HOUSTON – First-quarter oil and gas deal-making in the U.S. reached its highest level in more than a decade, as Big Oil companies discarded assets to focus on their core operations.
From January to March, typically a slow period for mergers and acquisitions, foreign investors and private equity buyers drove a surge of deals for small or more mature oil-producing assets in the onshore United States and the Gulf of Mexico, according to a report released Wednesday by PricewaterhouseCoopers.
The New York accounting firm reported 43 oil and gas deals worth a combined $19.8 billion in the first quarter — a higher number of deals than the first quarter of 2013 but a decrease in combined value as larger oil companies hive off smaller chunks of their U.S. assets.
“Divestitures are driving activities as companies continue to back their core operations,” said Doug Meier, the U.S. energy sector deals leader for PricewaterhouseCoopers. “They’re shedding those non-core assets to reinvest in their core business or make profits available to shareholders.”
Deals for oil-producing assets accounted for 63 percent of the activity, and $14.2 billion in value. Four deals for pipeline and energy storage assets brought in $1.3 billion.
Meanwhile, oil field services deals picked up, accounting for $2.3 billion in activity — about four times its value in the same period last year. Three deals in the petroleum refining and chemical manufacturing sector were worth a combined $2 billion, according to PricewaterhouseCoopers.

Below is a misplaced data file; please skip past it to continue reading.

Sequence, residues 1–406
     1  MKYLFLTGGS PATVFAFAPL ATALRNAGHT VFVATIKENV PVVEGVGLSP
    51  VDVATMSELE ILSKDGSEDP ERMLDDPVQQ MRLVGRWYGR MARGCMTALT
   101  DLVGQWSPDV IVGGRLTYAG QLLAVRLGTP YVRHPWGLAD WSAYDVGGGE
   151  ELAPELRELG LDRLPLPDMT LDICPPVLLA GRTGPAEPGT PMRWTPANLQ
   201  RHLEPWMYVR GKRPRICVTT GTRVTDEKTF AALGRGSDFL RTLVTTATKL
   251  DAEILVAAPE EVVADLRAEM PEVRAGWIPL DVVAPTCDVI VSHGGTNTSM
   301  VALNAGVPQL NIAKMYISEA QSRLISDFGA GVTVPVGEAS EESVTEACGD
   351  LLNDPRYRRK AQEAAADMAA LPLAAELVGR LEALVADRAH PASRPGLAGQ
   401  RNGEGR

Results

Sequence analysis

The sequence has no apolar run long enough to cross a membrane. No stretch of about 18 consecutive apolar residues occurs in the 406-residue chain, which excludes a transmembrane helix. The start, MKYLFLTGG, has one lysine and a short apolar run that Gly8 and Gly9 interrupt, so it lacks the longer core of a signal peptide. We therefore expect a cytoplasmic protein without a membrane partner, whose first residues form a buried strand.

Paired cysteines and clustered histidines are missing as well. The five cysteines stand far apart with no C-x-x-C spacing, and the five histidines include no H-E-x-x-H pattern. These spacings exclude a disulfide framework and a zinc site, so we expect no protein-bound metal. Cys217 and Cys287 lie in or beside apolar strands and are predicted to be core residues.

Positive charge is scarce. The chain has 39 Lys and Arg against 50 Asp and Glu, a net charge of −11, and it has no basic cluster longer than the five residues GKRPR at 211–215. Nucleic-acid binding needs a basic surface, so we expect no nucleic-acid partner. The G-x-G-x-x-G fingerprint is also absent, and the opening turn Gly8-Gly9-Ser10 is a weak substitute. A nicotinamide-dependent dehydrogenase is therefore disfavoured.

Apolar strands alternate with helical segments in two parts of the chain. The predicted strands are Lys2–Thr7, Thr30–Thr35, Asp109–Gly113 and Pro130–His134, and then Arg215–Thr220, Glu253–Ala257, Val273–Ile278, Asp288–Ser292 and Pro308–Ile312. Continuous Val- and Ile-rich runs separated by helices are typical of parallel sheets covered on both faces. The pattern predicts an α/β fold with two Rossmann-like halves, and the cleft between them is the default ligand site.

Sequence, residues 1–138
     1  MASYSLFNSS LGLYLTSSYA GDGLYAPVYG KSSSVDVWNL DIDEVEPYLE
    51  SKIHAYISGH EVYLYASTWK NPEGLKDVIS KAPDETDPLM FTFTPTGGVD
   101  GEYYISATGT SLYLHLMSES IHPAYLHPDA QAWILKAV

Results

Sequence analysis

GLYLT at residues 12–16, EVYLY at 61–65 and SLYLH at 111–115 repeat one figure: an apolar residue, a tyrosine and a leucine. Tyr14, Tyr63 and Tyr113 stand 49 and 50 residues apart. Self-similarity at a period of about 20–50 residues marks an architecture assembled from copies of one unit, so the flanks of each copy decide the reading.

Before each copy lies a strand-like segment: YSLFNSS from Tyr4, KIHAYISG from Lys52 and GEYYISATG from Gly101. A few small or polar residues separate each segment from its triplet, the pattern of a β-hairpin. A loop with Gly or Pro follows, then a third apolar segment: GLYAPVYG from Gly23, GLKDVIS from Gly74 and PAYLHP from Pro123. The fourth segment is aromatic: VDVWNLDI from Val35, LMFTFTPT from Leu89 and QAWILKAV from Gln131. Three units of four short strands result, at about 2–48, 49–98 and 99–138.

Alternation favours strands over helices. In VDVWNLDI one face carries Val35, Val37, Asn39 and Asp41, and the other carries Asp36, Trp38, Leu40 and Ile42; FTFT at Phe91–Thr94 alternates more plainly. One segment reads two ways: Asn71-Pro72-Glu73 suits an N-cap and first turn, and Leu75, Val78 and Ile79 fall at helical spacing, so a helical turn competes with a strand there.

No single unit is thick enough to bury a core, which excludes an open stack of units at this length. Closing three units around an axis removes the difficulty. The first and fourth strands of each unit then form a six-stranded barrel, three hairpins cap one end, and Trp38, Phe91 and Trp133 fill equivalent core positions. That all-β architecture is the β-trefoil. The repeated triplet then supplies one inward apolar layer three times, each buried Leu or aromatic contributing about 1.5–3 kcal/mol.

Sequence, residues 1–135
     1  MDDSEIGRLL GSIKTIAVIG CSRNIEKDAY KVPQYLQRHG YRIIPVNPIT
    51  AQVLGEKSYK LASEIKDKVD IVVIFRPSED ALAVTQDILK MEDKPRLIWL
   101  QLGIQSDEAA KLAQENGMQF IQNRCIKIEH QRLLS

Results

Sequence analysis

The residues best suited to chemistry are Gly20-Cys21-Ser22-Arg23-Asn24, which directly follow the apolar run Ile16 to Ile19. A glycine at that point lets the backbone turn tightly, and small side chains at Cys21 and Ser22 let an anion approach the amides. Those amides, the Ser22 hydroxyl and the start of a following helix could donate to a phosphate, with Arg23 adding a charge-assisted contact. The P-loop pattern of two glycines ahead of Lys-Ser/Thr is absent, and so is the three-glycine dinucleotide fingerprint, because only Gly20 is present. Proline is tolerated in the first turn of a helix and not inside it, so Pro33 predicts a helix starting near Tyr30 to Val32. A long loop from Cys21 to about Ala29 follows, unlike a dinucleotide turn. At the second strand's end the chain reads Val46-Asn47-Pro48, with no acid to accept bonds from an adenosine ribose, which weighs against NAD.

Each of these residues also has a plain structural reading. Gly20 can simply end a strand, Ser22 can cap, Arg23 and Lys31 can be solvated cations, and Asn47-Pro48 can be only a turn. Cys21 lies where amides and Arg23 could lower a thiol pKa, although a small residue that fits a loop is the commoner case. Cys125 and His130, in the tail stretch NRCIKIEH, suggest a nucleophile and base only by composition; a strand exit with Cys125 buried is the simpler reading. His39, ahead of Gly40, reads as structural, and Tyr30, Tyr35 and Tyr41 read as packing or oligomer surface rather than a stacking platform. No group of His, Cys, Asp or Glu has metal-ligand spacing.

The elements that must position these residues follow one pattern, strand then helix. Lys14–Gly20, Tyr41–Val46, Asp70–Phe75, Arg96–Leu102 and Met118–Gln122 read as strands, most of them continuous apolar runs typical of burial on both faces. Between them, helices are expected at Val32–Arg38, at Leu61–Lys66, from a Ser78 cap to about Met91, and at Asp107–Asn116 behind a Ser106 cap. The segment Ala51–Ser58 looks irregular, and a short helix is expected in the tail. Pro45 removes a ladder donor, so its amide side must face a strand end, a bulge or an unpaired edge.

The buyers, mostly private investment funds and international firms, are taking advantage of the buyers’ market, finding prices that work strategically for their portfolios, Meier said. Private equity firms, he said are dispatching more capital to oil fields because the opportunity to sharpen operations and make profitable returns has increased.
Private equity-backed Fieldwood Energy, for instance, bought oil reserves in the shallow waters of the Gulf of Mexico for $750 million in February, adding to the $3.75 billion in assets that it bought from Apache Corp. last year. There were five Gulf of Mexico deals worth $3.9 billion in the first quarter, compared to two in the same period last year.
The Gulf outpaced even the most active U.S. shale play, the Eagle Ford Shale in South Texas, which had five deals worth $3 billion in the first quarter. The Eagle Ford was followed by the Bakken Shale in North Dakota and the Permian Basin in West Texas, which each had three deals. The Bakken deals were valued at $863 million all together, while the Permian Basin deals were worth a combined $276 million.
Foreign buyers made 12 deals worth a combined $8.3 billion, about 42 percent of the deal activity in the U.S., the firm reported. That’s about twice the money the international companies paid for U.S. oil land in the first quarter of 2013.
For Big Oil companies hawking small or unprofitable property, “it’s all about maximizing shareholder value,” Meier said. Oil companies have generally taken two approaches: They’ll either reinvest their sale proceeds in more lucrative assets or they’ll boost dividends, he said.
“The common link of both if those strategies is to build shareholder value,” he said. “Clients are asking us to help them evaluate their strategic operations as to what’s core and what’s not core.”